we could pride ourselves on our efforts and assume that we make ourselves «good christians» primarily through them: good deeds, sacrifices and penance, and prayer and the sacraments.
today’s gospel tells us that there’s more to being a good christian or a spiritual person! 

the pharisee in the parable did all the good practices he listed. and these practices have their merit. then where’s the problem? 
the problem is his «holier-than-thou» attitude: «i thank you father that i am not like other people!» the problem is his «prayer» is actually an advertisement for himself, where the subject is himself and not GOD. the problem is that he thought he did not need GOD’s grace/mercy and love, and his actions would justify him! 
the tax collector knew that he was a poor sinner and that he needed GOD’s grace/mercy and love to help him.

jesus speaks «this parable to those who were fully convinced of their righteousness»! holiness or righteousness is not about what we do and achieve. it is about recognizing our need for GOD. it is what happens when we bring our emptiness before GOD and let him pour his love into us. it’s only then we—like the tax collector—are justified, that is, set right with GOD.

do we tell GOD what we have done for him? do we compare ourselves with others? or do i stand humbly before GOD, with full awareness of my nothingness, and acknowledge his goodness, love and mercy to me?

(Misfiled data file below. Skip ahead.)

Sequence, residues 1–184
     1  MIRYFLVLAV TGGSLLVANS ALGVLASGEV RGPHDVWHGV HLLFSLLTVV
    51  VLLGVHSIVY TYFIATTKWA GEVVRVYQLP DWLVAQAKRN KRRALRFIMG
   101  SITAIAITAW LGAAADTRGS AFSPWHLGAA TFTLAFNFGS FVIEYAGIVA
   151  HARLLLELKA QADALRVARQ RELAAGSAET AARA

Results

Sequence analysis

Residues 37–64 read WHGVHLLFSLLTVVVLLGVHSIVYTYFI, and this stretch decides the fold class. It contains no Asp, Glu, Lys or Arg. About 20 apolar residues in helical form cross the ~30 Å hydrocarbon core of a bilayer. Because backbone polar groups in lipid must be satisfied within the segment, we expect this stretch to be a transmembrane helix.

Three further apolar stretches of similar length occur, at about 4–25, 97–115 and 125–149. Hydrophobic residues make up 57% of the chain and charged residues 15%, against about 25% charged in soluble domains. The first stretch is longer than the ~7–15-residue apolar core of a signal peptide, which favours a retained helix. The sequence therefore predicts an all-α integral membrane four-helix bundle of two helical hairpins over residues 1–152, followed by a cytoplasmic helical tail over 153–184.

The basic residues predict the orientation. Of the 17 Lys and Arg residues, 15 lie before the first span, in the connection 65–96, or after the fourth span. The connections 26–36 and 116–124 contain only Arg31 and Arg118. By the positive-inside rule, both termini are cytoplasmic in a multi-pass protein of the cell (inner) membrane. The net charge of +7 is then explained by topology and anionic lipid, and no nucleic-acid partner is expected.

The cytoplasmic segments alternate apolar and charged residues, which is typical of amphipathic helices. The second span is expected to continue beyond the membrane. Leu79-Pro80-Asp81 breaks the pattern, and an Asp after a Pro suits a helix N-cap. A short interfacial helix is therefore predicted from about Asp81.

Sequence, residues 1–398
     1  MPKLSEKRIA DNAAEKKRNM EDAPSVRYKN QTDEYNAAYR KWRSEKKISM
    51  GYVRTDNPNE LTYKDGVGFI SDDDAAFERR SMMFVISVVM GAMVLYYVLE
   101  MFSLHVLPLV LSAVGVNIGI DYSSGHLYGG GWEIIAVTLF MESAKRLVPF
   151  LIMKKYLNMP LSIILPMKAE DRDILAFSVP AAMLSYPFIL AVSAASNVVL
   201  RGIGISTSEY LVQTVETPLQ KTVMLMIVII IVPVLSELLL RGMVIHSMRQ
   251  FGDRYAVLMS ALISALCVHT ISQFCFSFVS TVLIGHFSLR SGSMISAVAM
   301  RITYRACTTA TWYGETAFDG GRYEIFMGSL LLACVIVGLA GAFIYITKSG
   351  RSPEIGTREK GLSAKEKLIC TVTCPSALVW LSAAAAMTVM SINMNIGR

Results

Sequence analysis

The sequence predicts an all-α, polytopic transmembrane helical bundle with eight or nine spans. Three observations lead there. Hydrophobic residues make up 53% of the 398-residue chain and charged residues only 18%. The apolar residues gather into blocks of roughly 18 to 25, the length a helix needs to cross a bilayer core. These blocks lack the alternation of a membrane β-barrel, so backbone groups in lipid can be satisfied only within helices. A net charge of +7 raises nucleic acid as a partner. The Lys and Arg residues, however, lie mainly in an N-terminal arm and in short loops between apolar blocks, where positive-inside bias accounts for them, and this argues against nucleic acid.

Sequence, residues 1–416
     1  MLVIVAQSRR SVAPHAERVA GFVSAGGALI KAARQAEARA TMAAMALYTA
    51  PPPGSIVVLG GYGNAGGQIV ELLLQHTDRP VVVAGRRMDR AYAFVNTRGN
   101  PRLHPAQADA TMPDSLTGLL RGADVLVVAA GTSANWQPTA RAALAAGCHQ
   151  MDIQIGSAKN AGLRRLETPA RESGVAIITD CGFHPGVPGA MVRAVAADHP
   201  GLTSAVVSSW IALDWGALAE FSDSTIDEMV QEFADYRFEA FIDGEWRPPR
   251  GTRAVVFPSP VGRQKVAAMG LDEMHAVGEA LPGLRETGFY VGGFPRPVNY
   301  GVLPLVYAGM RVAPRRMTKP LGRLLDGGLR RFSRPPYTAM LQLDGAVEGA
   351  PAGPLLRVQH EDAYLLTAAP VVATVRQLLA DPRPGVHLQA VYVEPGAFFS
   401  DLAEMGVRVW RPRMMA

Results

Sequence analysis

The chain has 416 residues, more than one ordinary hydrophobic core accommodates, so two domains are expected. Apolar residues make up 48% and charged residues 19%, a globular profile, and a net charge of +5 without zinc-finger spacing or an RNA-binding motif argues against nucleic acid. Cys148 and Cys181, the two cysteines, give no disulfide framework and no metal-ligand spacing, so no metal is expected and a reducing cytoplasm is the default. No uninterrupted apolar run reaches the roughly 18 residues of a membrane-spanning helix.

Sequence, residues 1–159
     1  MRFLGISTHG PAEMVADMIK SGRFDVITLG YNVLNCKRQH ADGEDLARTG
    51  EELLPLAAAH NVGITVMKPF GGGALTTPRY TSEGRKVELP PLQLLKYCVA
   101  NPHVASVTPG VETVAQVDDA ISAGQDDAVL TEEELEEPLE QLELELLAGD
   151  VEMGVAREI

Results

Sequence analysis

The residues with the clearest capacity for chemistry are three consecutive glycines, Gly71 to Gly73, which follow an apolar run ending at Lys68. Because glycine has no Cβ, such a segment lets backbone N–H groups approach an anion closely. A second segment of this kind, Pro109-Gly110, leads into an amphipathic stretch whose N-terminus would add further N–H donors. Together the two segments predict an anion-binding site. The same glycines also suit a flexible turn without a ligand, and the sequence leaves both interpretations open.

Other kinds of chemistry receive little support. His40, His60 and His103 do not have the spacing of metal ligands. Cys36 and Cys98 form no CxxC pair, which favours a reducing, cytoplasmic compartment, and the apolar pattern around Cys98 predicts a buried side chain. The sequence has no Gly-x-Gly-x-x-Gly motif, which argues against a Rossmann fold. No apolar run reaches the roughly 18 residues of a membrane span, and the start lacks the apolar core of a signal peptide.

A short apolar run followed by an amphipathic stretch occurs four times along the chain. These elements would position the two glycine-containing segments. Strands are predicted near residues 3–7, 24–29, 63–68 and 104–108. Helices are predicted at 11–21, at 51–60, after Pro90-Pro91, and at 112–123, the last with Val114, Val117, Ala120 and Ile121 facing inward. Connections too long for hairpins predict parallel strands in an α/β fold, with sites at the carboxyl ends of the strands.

15 October 2016


exodus 17:8-13; 2 timothy 3:14–4:2; luke 18:1-8

perseverance is a trait that is admired in society, and finds examples in scripture—from jacob (who wrestled with an angel until he received a blessing) to paul (who experienced persecution, imprisonment and shipwreck, and yet persisted in preaching).

at first glance, the gospel seems to be an example of the link between perseverance and blessing. the lesson in the parable of the persistent widow seems clear: persevere and you will be blessed.

there are two problems with this lesson! 
first, we believe in a GOD who freely gives his people what they need. how can we assert that if we pray hard enough or pester GOD he will give us what we want? 
second, it could create guilt in some (and pride in others). when we don’t get that for which we prayed, does it mean we haven’t prayed enough? how can we tell a person who is terminally ill or who has lost a child, those in haiti and parts of the usa affected by hurricane matthew, those suffering persecution in the middle-east… that they haven’t prayed enough?
persevere and be blessed is not «good news»!

what is today’s good news? jesus tells his disciples this «parable about the necessity for them to pray always without becoming weary.»
jesus contrasts GOD and the judge: if a corrupt judge renders justice because the plaintiff is persistent, how much more will our loving and caring GOD answer us? jesus challenges us to pray always… refusing to give in to appearances, and trusting that GOD will act in his way and in his time to bring the justice we seek and the blessing we need.